Rachel Louise Carson, the author of the essay “The Obligation to Endure”, was a professor. Apart from that, she was involved in the fields of editorial work, writing, and aquatic biology. She was awarded several prizes, like Science Writing Award and National Book Award, for her work. Some of her most famous creations are “The Sea Around Us”, “The Edge of the Sea”, and “Silent Spring”. In the literary essay “The Obligation to Endure”, Carson depicts relationships between nature and human beings. She closely scrutinized biological order and the agricultural system. In this essay, she argues that human beings are to suffer for their wrongdoings.
The writer argues that there is a strong relationship between living beings and their surroundings. The environment has shaped the physical form and habits of people and animals on earth. This shaping and molding took hundreds of thousands of years. The period of people living on earth is very short in comparison to the whole span of existence of the universe. Unfortunately, it is a pity that human beings who gained significant knowledge and power are using them to change the nature and normal behavior of the world for which present and, of course, future generations must pay a high price in the long run. The most significant environmental problems are air pollution, water pollution, and earth pollution, which are caused by using dangerous and deadly materials including several inorganic components. In this regard Carson (1987) says the following:
In this now universal contamination of the environment, chemicals are the sinister and little-recognized partners of radiation in changing the very nature of the world — the very nature of its life. Strontium 90, released through nuclear explosions into the air, comes to earth in rain or drifts down as fallout, lodges in soil, enters into the grass or corn or wheat grown there, and in time takes up its abode in the bones of a human being, there to remain until his death (p. 84).
The writer also argues that adjustment to these chemicals will require a long time. This time frame is not merely several years or decades but takes the life of generations since it took a long for nature to become what it is today. The author presents her argument against pesticide use to her audience very effectively, which ultimately led to the prohibition of the detrimental pesticide DDT. Carson writes a great influential essay, where she provides various scientific facts and information and explains her arguments to her audience. She also managed to integrate her own view throughout the entire essay quite successfully. She claims that the pace of modification and the speed with which new changes are made follow the impulsive and reckless pace of a man.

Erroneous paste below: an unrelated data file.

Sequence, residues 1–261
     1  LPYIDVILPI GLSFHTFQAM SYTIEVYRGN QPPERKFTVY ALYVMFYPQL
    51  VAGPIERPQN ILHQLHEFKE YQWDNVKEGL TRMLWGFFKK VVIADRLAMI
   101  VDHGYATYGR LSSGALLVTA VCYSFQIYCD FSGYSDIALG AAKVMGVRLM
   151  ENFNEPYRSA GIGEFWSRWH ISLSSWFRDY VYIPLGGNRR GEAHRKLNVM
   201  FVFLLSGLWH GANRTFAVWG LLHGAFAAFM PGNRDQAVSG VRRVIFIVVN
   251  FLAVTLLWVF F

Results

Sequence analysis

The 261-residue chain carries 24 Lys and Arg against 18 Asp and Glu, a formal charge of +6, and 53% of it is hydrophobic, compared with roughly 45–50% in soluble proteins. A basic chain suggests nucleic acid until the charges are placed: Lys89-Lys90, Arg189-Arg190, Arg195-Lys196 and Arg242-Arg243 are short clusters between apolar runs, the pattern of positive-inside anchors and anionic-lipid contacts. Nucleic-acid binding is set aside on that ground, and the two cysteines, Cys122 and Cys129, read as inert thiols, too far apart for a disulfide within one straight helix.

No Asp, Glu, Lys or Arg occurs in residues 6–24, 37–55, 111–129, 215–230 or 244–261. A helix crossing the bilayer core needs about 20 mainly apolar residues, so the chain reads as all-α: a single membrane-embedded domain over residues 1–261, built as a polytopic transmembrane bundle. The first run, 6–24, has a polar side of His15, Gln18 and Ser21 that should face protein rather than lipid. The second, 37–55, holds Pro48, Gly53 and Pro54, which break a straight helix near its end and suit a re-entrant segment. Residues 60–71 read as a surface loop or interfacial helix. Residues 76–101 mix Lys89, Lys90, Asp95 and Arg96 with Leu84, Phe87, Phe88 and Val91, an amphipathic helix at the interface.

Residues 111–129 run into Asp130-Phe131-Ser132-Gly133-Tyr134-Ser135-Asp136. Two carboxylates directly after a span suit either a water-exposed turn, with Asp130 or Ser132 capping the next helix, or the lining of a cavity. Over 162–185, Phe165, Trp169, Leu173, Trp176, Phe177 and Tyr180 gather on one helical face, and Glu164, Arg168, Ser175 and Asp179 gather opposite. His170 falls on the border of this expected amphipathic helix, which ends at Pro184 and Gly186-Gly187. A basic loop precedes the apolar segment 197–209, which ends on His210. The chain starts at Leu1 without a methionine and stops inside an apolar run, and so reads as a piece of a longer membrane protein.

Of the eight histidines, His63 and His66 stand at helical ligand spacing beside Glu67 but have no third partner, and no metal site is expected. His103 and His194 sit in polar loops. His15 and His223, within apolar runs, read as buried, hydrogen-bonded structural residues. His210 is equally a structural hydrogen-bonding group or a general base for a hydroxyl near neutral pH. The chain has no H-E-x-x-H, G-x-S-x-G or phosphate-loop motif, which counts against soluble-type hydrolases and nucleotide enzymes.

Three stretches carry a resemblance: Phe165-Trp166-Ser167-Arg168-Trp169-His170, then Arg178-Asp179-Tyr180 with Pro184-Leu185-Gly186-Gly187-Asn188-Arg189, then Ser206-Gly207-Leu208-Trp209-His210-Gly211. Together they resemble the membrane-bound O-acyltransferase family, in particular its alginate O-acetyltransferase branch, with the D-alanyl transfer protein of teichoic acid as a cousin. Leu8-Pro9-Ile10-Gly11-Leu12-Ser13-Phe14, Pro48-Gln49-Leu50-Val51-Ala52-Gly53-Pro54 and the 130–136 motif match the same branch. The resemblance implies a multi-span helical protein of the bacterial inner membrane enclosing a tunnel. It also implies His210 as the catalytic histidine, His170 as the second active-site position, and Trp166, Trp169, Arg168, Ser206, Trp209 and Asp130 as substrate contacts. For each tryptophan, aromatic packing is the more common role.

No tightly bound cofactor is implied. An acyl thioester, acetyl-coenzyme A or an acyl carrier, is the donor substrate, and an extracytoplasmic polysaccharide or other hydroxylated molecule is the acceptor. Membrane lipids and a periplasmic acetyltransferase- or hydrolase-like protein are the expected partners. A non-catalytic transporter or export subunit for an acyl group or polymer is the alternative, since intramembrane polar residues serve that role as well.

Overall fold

Carson presents a wide range of facts about pesticide use. She manages to explain scientific truth about the harmful effect of pesticide use that leads to another argument. She explains how pesticides are responsible for various environmental damages. She proves her argument that pesticides should not be used. By relying on scientific facts and arguments, Carson depicts how pesticides have certain chemicals that irreversibly contaminate the environment and existing creatures and defines pesticides as evil pollutants. Thus, her effective description and persuasion about the harmful effect of pesticides make the reader think about whether pesticides are necessary for agriculture or any other sector. She proves the redundancy of using pesticides by stating the fact that pests have the ability to evolve. Therefore, new pesticides have to be created to fight them. The author presents her argument about the uselessness of creating new pesticides to inhibit pests by stating several types of research related to health and the environment. These studies prove that pesticides kill not only harmful insects but also worms and insects that are necessary and useful to maintain the natural environment. The author stresses the damaging effect by using strong words: she claims that these chemicals should be called “biocides” instead of “insecticides”. On the other hand, sprays, dust, and aerosols are often used in cornfields and agriculture-related affairs. These chemicals are also used on farms, in gardens, and in forests. These nonselective chemicals have the power to destroy every insect, whether they are “good” or “bad”. These deadly chemicals have the power to stop the song of birds and leaping of fish in the water. All these are to sweep out a few weeds or insects. Carson claims that it is like coating the leaves with a “lethal” film to protect the crops. She connects with her readers by asking whether these types of activities are believable or not.